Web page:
Williamson rescinded the order after the staffer reported the Aug. 3 email had already been forwarded to at least one account outside of Winthrop, Bigham said.

When asked for comment on Saturday, Williamson’s attorney, Bev Carroll, responded by email that “I have no intention of responding to these additional allegations because we have not been provided any of this information or any documentation in the possession of the board.”

On June 13, the Winthrop board voted to suspend Williamson and gave notice of its intentions to fire her. In a termination notice letter written that day to Williamson, trustees allege that the president “directed a university employee to destroy university records (or) property” and “directed a university employee to make a hire in violation of the S.C. Ethics Act” and Winthrop’s nepotism policy.

The board voted to fire Williamson on June 26.

Through her attorney, Jamie Williamson has refuted all the trustees’ claims against her.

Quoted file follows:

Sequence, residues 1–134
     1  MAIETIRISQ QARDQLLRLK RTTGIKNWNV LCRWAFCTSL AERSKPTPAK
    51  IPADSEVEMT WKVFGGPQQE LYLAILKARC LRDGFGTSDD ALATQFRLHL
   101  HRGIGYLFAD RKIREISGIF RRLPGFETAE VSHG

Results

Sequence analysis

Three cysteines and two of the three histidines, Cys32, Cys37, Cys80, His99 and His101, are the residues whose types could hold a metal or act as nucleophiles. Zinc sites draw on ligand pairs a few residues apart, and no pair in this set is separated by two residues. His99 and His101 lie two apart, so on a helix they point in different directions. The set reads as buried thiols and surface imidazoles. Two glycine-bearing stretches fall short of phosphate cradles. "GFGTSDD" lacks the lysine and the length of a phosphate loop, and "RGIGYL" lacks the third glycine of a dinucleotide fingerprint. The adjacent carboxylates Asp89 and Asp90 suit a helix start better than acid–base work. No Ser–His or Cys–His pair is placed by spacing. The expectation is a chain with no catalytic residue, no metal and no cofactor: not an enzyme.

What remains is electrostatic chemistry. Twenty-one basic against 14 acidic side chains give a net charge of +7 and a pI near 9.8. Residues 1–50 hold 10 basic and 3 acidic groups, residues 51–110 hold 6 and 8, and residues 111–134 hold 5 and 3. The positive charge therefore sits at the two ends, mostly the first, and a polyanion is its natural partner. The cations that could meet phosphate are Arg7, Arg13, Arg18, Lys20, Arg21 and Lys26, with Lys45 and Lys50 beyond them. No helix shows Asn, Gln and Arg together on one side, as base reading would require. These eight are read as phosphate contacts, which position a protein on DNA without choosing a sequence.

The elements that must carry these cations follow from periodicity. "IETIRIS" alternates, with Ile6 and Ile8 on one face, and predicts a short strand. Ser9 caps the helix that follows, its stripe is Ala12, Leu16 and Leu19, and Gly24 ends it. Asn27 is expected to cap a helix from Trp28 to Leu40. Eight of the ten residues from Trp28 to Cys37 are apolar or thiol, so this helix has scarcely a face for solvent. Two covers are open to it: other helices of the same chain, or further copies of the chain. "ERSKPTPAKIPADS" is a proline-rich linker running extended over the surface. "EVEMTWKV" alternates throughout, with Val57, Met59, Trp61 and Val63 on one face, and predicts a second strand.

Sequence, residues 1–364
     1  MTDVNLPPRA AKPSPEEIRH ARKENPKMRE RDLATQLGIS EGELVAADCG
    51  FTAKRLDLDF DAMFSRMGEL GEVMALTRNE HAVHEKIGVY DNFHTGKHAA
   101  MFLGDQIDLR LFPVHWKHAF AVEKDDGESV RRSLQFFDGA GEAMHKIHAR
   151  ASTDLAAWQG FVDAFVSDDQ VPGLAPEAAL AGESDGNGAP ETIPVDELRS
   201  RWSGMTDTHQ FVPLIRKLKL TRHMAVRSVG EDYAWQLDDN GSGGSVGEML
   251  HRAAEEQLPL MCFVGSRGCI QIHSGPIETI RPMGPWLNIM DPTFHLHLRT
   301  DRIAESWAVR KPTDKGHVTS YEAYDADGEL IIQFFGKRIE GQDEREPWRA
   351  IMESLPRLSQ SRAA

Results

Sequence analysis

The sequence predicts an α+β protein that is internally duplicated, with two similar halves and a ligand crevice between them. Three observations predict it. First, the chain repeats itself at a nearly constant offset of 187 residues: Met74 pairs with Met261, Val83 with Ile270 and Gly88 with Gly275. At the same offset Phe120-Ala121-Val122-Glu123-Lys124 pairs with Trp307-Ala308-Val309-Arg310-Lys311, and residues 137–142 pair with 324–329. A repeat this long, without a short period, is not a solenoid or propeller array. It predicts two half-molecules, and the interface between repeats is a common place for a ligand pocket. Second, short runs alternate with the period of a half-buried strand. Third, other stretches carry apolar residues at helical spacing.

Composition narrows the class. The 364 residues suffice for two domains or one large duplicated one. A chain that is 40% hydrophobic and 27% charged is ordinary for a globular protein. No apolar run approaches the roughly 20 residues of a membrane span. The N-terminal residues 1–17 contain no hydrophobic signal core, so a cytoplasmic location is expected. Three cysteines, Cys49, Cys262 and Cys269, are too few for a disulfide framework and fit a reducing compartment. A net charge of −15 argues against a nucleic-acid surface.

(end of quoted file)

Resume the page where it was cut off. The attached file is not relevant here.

Bigham, in her statement to The Herald Friday night, said she and Folkens initiated the June 9 meeting to “review a number of concerns, including questions which had arisen regarding what the president had told trustees about the manner in which her husband was hired and the conclusion date of his temporary position.”

The board’s executive committee had been told about Larry Williamson’s part-time, temporary employment in Winthrop’s president’s office about one month after he was hired on Sept. 1, 2013, Folkens said. At that time, board members were not aware of the president’s Aug. 3 email to her chief of staff that initiated her husband’s hiring, nor were they told that Winthrop’s human resources officer had raised concerns about nepotism, Folkens said.

Instead, the president told trustees that human resources had “cleared” the hire, Folkens said. And, the president told the trustees then “that her chief of staff was the impetus behind his being hired ... Trustees were assured by (the president) the hire was done in a proper manner,” Bigham said.